We brought sandwiches and stayed on since the tech was only a few minutes walk away from the works. Eric brought in a portable record player and we listened to each other's records while brewing up and chatting over our grub. The nightwatchman left us to it, arranging his rounds so that he came and locked up after we'd departed.
One evening we were disturbed by a director who'd stayed late, and heard our recital as he passed down the corridor. Obviously he didn't think much of our choice of music since he told us that he'd bring in some real music for us to listen to, and he did.
Fat imitation-leather-bound, goldblocked volumes of D'Oyly Carte performances of Gilbert and Sullivan operas - complete operas spread over umpteen 78 discs. Hypocrites that we were, we buttered him up and thanked him profusely, then the minute his back was turned shelved all our disagreements on the relative merits of popular music and the classics, to unite in expressing our loathing and contempt for Gilbert and bloody Sullivan. So only token sides ever got played, whenever the director was working late, or when his secretary flitted by within listening distance: we knew she'd report back if his records weren't on the turntable. We were nagged by the risk of damage to this priceless collection while in our possession, and it was a relief to return it at the end of term.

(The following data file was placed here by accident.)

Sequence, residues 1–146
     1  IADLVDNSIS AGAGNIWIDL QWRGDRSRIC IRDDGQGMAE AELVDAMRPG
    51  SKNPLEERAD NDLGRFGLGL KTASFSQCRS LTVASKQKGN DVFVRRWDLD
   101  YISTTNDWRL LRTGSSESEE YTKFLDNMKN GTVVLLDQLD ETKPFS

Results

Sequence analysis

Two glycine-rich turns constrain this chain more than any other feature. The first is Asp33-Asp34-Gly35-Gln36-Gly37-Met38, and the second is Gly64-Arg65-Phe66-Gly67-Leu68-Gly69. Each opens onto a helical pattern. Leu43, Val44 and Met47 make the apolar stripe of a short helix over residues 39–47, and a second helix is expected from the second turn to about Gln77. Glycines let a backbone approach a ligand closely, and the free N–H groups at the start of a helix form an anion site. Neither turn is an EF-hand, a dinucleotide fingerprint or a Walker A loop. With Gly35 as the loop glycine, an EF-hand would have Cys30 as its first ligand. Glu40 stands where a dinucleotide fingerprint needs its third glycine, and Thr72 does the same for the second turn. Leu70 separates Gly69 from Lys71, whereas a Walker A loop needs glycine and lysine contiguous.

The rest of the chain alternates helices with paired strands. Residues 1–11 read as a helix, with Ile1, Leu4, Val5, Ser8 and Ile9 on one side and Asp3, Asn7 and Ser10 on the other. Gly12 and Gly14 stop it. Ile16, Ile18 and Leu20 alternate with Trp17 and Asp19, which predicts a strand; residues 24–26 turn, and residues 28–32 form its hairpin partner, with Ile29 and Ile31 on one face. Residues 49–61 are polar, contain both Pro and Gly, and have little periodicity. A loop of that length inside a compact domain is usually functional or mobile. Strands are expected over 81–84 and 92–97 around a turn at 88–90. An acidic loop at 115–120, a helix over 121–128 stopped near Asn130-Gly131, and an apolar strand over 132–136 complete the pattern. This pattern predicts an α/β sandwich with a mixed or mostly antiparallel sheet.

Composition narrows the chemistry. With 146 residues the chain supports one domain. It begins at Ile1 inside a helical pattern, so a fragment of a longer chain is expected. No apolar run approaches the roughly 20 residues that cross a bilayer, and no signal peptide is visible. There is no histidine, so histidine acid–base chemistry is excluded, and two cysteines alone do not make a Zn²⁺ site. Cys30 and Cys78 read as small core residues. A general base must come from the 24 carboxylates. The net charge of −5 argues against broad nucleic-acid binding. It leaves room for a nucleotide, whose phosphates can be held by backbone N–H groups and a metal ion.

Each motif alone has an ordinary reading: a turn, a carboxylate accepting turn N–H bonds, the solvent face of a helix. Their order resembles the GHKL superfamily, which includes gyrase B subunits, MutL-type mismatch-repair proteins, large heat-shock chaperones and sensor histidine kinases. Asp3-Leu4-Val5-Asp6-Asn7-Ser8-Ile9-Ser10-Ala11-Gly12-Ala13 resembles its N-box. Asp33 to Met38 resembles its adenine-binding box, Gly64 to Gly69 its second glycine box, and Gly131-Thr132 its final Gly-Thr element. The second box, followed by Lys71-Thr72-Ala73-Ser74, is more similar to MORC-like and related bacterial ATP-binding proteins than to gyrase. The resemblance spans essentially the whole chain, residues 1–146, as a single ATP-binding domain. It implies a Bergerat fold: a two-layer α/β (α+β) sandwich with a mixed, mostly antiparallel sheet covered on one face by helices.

My general musical education had been innocently acquired from listening during the thirties to the records played by my several young aunts and their boy-friends in gran's house, and the light entertainment on the wireless. I became familiar with most of the dance bands of the day... Carroll Gibbons and the Savoy Orpheans, Harry Roy, Jack Hylton, Bert Ambrose, Roy Fox, Nat Gonella and his Georgians, Henry Hall ("This is Henry Hall speaking" he used to assert as if there were some doubt). Most of them had a band within the band, a small group of musicians playing in a freer context.